History and Climate Change: Africa, Indigenous & Latin America, South Asia

This workshop aims to bring together climate scientists, historians and other scholars interested in past climate change and its impacts on human societies. Climate change affects all aspects of life and human endeavors – understanding its social, cultural, political and economic implications is essential for successfully preparing for its impacts. From a historical perspective, understanding both how the climate has changed in the past and the different ways communities responded to those changes – whether it intensified or mitigated inequalities, for example – deepens our understanding of the past, which in turn gives us vital insights into the future. But revealing these insights requires building collaborations across multiple fields and ultimately a sincere investment in interdisciplinary scholarship.

Historians and climate scientists have increasingly begun collaborating to better understand both how historical evidence can improve our knowledge of past climate change and how high-resolution (seasonal to annual) paleoclimate data can inform our understanding of the role that climate has played in human history. Despite important progress toward these outcomes, it remains critical to better understand the data each field produces and to more effectively articulate how climate scientists and historians can work together to ask and answer questions that expand our knowledge of past climate and human history.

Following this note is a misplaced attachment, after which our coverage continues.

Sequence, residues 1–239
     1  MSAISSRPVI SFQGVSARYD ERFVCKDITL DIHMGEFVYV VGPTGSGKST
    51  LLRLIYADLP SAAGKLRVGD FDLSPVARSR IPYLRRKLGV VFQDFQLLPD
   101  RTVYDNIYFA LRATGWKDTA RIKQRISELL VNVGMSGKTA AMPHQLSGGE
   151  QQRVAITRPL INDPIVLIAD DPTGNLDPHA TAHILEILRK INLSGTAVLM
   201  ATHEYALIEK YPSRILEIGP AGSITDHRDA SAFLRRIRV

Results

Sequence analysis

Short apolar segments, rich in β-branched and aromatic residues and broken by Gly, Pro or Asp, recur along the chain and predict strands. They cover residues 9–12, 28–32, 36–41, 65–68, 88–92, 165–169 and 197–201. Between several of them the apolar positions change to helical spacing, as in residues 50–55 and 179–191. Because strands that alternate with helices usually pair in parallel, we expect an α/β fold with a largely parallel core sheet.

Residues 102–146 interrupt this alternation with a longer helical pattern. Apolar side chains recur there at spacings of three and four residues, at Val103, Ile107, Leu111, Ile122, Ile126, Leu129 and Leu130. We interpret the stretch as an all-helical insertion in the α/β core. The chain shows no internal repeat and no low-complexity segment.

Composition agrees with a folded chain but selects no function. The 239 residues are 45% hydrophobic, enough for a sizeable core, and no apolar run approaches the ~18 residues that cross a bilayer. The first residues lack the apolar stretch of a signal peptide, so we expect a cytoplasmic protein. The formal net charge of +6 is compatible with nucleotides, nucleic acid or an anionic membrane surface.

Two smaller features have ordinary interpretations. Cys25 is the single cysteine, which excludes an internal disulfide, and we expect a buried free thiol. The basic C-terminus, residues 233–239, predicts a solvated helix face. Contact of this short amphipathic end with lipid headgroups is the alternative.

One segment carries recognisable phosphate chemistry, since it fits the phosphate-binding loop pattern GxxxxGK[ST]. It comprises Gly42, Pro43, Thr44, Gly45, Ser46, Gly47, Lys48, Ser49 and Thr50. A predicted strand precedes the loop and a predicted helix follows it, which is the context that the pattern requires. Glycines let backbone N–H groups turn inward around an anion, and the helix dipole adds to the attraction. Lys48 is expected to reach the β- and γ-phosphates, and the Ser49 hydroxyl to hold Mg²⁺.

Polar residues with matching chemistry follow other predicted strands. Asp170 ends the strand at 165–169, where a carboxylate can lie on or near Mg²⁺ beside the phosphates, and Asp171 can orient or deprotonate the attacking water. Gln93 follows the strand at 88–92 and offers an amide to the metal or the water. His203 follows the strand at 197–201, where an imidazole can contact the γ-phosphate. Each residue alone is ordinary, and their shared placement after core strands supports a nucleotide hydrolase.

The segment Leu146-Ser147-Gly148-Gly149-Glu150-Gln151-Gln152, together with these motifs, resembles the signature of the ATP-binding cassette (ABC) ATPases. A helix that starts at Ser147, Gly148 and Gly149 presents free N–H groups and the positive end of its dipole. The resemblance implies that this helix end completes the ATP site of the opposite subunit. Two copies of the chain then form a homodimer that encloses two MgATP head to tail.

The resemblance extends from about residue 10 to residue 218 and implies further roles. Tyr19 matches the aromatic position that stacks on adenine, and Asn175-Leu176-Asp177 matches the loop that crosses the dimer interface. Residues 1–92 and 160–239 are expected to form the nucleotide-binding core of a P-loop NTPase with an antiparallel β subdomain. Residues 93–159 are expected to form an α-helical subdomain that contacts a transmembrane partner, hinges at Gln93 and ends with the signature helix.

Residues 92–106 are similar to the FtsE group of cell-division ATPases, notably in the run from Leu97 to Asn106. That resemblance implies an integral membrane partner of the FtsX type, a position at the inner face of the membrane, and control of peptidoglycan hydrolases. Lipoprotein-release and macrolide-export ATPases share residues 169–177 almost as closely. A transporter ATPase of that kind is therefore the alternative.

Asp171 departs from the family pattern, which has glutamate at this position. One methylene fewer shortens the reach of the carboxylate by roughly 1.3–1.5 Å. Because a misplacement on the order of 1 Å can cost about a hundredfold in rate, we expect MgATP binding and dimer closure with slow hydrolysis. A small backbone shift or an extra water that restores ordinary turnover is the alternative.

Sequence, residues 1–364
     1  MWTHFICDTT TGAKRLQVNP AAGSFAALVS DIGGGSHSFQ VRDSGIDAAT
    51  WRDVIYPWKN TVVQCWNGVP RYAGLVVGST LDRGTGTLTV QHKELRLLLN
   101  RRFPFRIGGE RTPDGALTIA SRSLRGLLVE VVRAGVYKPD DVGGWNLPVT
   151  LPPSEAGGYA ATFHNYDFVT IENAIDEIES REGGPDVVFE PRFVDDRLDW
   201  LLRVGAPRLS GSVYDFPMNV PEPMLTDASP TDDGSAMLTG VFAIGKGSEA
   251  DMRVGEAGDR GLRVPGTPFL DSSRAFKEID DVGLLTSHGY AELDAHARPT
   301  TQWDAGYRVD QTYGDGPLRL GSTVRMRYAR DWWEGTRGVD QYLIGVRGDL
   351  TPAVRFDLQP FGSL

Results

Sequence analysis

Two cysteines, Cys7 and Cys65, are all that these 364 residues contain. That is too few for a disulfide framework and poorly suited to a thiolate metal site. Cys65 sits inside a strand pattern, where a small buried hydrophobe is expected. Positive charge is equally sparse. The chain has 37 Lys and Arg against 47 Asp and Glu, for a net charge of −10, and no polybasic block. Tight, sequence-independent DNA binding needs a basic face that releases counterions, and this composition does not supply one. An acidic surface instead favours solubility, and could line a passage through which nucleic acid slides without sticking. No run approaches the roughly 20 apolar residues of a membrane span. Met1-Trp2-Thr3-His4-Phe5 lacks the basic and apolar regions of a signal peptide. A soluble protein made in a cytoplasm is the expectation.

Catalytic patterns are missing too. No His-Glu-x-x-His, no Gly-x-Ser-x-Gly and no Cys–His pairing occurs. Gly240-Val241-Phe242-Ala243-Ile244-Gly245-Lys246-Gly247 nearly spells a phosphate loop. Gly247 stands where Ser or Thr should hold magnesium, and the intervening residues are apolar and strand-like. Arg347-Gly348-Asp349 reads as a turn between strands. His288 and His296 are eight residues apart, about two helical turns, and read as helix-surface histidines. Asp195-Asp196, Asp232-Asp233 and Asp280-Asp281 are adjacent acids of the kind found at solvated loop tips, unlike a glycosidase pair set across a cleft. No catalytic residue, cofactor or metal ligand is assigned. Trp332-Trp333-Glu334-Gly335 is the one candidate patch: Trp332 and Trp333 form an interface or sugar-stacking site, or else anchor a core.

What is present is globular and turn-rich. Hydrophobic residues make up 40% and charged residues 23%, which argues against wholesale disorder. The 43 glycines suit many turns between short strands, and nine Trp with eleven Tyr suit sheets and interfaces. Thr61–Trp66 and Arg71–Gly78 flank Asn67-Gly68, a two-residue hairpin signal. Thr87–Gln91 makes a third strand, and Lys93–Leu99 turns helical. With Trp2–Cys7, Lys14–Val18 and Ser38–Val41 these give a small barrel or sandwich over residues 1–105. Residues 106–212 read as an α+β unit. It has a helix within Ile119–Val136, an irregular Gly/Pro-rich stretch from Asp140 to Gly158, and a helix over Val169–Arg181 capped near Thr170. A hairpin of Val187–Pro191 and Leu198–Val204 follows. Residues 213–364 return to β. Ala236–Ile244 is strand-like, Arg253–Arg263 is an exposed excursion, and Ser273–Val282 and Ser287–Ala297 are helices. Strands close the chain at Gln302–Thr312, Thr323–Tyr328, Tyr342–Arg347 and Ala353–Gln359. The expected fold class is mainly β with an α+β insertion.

Collaborative work and other attempts to foster dialog between the fields has focused primarily on Europe and North America, and, to a lesser extent on East Asia. These focus areas are largely a function of their comparatively extensive data availability. From a paleoclimatology perspective, the existence of high-resolution climate proxies and the observational data necessary to calibrate them are often focused in the mid-tohigh latitudes of the Northern Hemisphere. Easily datable historical evidence tends to come from written archives and for a range of reasons those are also more readily available in these focus areas. Both climate scientists and historians, therefore, have to look beyond our traditional foci in order to reconstruct the deeper past in many parts of Africa, South Asia, Latin America and the Indigenous Americas. In doing so, it is critical to recognize the importance of indigenous forms of knowing and knowledge production.

Faculty Sponsor: 

Rhiannon Stephens

Associate Professor of History


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